This is shaping up to be a fun series. Ant-Man working private security! (Or trying to.) It’s not exactly a straight superhero book, but it takes full advantage of playing in a world of superheroes and villains. And “playing” is definitely the right word—and definitely the right approach for a character like the Scott Lang Ant-Man. (If someone could pull off a dramatic take on Ant-Man, I’d be pretty darn impressed. Alas, he’s not exactly Marvel’s answer to Hamlet.)
The book is saddled with convoluted continuity as backstory, but writer Nick Spencer uses what he inherited to fuel entertaining story possibilities. The second issue draws on Ant-Man’s time leading the substitute Fantastic Four that served while the real FF were playing Doctor Who not too long ago. He had gotten involved with a teammate, “Ms. Thing” Darla Deering, and the way it ended was not Scott’s finest moment. That history leads to a compelling dynamic for this series.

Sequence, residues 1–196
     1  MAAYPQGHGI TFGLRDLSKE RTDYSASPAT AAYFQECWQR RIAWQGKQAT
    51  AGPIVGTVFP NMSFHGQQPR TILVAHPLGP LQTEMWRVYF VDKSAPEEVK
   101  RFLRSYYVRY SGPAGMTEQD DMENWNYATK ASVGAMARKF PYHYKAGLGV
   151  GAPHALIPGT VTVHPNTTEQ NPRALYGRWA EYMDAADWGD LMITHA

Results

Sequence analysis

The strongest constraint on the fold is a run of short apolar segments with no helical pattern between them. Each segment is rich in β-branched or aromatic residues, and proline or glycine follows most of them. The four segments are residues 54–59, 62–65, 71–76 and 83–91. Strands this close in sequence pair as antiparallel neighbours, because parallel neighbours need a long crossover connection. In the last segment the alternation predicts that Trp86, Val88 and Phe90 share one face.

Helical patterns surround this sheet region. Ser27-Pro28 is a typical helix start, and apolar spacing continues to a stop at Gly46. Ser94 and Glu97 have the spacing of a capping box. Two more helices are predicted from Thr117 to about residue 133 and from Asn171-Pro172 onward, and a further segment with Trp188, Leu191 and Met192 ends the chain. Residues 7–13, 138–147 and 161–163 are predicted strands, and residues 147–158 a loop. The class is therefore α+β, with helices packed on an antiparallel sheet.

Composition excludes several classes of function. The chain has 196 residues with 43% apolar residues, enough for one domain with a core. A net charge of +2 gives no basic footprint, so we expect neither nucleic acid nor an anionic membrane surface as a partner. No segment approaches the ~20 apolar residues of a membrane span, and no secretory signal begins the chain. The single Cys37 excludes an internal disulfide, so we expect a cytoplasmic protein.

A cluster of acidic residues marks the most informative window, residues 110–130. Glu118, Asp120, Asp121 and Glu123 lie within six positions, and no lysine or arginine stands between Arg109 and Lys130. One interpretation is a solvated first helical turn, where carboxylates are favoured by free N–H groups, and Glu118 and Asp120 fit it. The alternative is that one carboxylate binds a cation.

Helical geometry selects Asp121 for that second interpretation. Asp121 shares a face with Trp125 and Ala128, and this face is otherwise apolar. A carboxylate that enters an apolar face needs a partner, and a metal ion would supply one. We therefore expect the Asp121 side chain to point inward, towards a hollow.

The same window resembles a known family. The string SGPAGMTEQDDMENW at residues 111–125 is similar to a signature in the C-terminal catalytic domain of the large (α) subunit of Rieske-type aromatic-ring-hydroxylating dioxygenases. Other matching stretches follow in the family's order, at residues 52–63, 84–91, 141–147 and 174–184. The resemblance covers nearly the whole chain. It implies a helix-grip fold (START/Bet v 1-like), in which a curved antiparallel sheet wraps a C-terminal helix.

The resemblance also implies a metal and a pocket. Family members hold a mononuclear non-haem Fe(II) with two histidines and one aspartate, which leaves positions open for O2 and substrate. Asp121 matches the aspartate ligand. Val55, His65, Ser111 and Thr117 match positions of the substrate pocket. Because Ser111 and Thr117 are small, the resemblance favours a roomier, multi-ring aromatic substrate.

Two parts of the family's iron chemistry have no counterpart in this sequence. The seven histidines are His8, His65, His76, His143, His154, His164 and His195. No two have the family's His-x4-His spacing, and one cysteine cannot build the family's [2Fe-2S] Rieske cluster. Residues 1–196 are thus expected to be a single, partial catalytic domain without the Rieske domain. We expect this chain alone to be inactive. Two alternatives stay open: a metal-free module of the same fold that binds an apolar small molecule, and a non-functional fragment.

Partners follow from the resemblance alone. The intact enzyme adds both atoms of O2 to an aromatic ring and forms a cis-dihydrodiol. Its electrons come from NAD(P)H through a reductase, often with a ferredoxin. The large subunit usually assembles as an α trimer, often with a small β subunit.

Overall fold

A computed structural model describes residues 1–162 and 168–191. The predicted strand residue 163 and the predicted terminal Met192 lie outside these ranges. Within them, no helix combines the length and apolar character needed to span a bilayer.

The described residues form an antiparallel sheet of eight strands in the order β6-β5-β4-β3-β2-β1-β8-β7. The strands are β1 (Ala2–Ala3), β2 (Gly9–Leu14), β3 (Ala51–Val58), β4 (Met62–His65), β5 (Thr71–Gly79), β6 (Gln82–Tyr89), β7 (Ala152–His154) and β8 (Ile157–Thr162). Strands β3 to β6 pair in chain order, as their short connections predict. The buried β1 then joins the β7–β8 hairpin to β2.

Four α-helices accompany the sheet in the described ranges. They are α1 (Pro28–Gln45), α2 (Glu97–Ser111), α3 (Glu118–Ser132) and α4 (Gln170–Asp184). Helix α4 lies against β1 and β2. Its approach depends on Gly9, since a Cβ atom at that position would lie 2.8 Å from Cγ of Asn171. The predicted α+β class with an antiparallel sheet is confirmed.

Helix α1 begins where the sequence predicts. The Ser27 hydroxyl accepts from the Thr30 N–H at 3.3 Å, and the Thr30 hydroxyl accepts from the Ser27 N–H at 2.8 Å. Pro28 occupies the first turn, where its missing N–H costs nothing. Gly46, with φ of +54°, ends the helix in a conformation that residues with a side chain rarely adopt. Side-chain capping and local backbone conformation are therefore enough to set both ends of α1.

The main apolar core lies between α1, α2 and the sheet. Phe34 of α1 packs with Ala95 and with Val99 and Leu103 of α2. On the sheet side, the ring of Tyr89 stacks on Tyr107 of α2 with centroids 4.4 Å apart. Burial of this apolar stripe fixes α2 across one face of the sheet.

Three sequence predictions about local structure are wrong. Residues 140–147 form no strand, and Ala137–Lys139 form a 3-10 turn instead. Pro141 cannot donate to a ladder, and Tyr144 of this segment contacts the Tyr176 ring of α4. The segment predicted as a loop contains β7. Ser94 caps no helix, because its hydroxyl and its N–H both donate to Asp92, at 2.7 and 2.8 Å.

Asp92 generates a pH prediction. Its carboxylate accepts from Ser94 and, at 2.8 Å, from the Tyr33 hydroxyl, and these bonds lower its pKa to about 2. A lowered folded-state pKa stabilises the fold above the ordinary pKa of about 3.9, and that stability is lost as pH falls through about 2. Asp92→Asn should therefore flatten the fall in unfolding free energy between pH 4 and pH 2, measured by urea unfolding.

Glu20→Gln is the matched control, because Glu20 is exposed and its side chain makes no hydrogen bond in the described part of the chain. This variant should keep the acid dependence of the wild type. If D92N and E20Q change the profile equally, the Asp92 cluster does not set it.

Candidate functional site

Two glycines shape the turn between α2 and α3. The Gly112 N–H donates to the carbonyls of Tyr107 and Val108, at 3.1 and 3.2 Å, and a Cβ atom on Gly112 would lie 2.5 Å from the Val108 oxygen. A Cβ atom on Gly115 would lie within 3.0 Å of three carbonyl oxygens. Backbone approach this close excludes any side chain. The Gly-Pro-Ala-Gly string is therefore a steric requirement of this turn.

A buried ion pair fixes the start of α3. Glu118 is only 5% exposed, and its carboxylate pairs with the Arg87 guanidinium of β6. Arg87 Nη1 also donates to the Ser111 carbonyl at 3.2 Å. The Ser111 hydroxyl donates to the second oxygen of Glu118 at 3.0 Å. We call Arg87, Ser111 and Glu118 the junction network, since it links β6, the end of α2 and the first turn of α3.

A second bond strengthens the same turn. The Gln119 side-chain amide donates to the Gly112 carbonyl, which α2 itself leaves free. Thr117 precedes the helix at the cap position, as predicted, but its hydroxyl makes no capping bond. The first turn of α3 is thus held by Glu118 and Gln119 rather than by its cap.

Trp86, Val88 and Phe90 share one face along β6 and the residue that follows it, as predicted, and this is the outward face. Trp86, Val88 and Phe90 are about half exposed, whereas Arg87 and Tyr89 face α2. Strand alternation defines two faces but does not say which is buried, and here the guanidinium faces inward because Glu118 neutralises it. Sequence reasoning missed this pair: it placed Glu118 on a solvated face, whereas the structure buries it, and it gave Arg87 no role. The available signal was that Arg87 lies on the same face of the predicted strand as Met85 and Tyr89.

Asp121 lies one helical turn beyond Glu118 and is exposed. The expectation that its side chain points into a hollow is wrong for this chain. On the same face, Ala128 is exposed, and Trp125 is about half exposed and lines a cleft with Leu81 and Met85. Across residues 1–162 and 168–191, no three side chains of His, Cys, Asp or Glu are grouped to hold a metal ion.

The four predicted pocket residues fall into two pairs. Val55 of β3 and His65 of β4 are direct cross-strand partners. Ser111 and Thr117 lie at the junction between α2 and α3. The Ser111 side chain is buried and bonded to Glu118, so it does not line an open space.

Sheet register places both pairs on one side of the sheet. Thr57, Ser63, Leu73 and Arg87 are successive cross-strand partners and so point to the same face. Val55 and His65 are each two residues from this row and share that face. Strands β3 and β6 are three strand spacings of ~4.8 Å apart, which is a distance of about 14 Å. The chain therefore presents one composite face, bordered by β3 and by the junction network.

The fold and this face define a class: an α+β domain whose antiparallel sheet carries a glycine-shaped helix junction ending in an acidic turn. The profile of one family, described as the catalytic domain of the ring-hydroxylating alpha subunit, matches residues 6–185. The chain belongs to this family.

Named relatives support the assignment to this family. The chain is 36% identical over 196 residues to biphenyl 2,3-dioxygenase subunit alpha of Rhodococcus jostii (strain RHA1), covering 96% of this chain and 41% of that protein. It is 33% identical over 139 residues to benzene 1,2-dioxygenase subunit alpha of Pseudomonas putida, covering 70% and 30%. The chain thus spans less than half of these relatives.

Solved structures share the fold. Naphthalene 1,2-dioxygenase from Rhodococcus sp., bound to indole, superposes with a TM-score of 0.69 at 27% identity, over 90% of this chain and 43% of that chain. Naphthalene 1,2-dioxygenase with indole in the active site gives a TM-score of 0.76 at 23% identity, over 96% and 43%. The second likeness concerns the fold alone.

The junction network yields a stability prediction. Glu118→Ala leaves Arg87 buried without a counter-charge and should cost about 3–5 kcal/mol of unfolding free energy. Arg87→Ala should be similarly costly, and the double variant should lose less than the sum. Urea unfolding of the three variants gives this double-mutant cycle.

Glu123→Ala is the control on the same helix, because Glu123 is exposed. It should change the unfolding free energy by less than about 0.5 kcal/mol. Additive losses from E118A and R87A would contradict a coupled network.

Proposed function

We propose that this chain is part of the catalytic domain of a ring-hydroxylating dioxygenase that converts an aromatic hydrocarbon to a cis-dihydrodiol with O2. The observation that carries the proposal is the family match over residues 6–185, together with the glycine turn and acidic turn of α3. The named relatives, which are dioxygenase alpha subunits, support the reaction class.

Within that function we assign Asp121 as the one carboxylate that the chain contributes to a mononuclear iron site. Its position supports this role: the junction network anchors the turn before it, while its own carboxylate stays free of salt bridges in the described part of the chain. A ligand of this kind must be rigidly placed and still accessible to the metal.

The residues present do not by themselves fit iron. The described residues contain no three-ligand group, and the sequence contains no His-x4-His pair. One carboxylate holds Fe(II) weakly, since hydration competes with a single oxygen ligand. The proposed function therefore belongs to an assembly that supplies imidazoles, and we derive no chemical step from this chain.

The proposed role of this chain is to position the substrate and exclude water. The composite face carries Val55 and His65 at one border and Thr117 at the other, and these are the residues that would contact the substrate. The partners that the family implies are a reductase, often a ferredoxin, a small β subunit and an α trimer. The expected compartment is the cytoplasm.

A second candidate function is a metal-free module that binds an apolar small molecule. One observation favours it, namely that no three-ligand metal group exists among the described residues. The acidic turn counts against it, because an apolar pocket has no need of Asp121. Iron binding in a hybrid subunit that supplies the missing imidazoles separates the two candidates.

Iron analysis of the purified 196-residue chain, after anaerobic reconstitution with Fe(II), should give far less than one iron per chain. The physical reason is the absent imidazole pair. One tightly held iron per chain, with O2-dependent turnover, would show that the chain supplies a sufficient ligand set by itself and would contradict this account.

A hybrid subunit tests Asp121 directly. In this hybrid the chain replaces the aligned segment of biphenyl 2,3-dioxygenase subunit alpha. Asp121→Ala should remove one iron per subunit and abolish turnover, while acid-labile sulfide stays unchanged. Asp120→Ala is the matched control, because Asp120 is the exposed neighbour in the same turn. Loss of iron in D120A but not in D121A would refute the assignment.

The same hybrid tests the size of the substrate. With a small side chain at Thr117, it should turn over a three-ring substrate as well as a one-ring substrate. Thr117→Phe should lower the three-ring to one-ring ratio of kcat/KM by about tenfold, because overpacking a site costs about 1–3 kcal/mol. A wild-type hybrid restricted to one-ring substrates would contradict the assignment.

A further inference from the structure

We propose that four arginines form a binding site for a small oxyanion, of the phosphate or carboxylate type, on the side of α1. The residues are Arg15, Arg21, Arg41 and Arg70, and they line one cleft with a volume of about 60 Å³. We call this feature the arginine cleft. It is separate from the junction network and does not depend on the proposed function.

The Astonishing Ant-Man features a character who is very human and capable of screwing up in huge ways, but he keeps plugging along and trying his best. And once in a while, he might even succeed.
You know, he did beat up Doctor Doom that time.
Writer: Nick Spencer
Artist: Roman Rosanas
Publishers: Marvel Comics
How to Read It: recent back issues; Marvel Unlimited; Comixology; Astonishing Ant-Man vol.1: Everybody Loves Team-Ups (TPB)
Appropriate For: ages 13 and up